JPMorgan Chase pays $250 million penalty over weak controls in its wealth management division

ANASTASIA ZYG


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JPMorgan Chase agreed Tuesday to pay a $250 million fine after one of its U.S. regulators found a “pattern of misconduct” in its wealth management division.

The Office of the Comptroller of the Currency said in a release that the New York-based bank’s risk management controls were “deficient” and the firm couldn’t avoid “conflicts of interest” in the business.

“For several years, the Bank maintained a weak management and control framework for its fiduciary activities and had an insufficient audit program for, and inadequate internal controls over, those activities,” the OCC said in a consent order.

However, the bank neither admitted to or denied the accusations, and the OCC said that JPMorgan has already fixed the shortcomings that prompted the penalty. There was no mention in the order that the banks’ actions had caused financial harm to its clients.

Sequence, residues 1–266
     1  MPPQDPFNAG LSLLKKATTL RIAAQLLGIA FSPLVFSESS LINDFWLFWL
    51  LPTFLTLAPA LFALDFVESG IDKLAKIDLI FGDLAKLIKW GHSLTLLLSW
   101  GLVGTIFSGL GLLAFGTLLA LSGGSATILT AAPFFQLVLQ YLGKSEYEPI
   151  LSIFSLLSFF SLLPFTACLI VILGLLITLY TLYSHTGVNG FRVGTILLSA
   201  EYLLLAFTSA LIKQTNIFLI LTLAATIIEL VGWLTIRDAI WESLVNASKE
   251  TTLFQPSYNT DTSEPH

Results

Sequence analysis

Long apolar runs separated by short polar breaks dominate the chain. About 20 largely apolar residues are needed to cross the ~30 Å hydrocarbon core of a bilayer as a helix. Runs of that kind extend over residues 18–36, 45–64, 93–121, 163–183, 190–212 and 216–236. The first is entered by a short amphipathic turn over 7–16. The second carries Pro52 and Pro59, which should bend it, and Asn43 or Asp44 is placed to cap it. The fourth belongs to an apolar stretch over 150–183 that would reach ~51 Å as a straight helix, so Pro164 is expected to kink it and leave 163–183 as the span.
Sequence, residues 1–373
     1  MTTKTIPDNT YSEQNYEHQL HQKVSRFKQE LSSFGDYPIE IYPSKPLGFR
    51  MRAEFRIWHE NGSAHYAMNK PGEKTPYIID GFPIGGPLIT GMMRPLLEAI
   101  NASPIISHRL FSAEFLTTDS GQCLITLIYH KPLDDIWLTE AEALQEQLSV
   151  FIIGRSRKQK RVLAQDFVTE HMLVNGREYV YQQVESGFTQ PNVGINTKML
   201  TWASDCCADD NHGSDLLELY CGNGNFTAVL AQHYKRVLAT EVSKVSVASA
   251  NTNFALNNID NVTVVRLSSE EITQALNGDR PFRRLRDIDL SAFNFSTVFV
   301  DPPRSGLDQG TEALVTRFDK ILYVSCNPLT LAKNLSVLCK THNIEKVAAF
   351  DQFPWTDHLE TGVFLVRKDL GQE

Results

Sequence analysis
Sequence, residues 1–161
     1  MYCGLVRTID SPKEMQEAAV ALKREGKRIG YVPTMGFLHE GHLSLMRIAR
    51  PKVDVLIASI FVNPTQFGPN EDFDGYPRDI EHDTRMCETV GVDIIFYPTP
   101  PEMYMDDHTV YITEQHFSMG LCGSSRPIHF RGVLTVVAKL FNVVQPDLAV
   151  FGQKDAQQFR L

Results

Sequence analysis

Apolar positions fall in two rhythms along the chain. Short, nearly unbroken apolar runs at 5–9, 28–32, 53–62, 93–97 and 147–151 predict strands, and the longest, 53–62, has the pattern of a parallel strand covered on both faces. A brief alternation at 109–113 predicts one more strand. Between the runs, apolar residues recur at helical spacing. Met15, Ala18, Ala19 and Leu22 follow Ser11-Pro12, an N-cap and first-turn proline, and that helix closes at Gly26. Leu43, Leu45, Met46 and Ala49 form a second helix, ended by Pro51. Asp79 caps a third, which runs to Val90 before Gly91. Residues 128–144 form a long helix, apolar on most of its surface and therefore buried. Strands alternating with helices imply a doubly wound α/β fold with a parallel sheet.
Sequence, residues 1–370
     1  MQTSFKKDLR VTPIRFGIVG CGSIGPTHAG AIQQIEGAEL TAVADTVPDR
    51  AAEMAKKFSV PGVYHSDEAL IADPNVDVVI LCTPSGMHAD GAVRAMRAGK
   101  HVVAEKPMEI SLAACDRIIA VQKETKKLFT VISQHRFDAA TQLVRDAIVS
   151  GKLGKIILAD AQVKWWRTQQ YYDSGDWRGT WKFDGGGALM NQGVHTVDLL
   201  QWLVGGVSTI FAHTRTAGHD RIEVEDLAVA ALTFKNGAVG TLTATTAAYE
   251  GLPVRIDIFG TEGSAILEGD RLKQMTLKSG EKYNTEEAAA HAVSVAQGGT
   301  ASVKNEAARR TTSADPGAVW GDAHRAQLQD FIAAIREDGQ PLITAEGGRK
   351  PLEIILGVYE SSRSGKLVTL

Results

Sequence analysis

“We are committed to delivering best-in-class controls across our business, and we have invested significantly in and enhanced our controls platform over the last several years to address the issues identified,” a JPMorgan spokesman said.

It was the second time in two months that the bank agreed to pay a massive settlement to U.S. regulators over how it conducts business.  In late September, JPMorgan agreed to pay $920 million to settle investigations from three federal agencies over its role in the manipulation of global markets for metals and U.S. Treasurys. 

This story is developing. Please check back for updates.



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